When Toboni spoke to Mission Local, he hoped the sales on 600 South Van Ness Ave. and another project at 19th Street and South Van Ness Avenue would set the stage for millions in funding

Turns out, the unsold homes at 600 South Van Ness. Ave. won’t contribute. 

But that project wasn’t the only Toboni development called out in the ordinance’s press release. Although the situation is complicated, the Tobonis are also attempting to back out of a previous plan that guaranteed on-site units at  2100 Mission St., near 17th Street. The previous building developer promised four on-site affordable units, but then sold it to the Toboni Group. Toboni wants to drop that obligation and pay an in-lieu fee before starting construction.

During the Planning Department’s review of that request to switch, the affordable housing units remain in limbo. 

The new ordinance states that if a project plan is already approved and then a developer seeks to switch from building on-site to paying an in-lieu fee, a hearing would be required. 

Again, the Tobonis are not the only developers to bait-and-switch during the development process. Grob said at the meeting that several developers “modify” plans, even “after a [housing] lottery has been completed.” This could mean potential low-income tenants or owners won the housing lottery, only to find their units in question.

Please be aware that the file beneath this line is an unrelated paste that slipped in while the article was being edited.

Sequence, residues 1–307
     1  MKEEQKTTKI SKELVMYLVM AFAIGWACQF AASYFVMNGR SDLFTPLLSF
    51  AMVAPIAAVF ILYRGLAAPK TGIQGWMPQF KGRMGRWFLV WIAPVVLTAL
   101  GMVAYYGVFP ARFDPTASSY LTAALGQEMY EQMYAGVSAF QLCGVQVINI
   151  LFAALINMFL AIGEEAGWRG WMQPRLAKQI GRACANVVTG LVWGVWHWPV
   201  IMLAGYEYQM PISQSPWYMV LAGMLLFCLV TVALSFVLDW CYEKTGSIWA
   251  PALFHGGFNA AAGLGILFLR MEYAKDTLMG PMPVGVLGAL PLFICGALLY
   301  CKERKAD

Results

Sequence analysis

To bypass these obstacles, the ordinance establishes clear timelines for construction, pricing and marketing plans. 

From here on out, the ordinance’s supporters hope it dispels any confusion on affordable housing rules. 

“Overall, what we’re looking for is to reinforce the developers’ affordable obligations to make sure the process is both transparent to the public and ensures the affordability,” Beinart said. “Developers know what is expected of them, and our constituents can know what they expect as well.” 

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Annika Hom is our inequality reporter through our partnership with Report for America. Annika was born and raised in the Bay Area. She previously interned at SF Weekly and the Boston Globe where she focused on local news and immigration. She is a proud Chinese and Filipina American. She has a twin brother that (contrary to soap opera tropes) is not evil.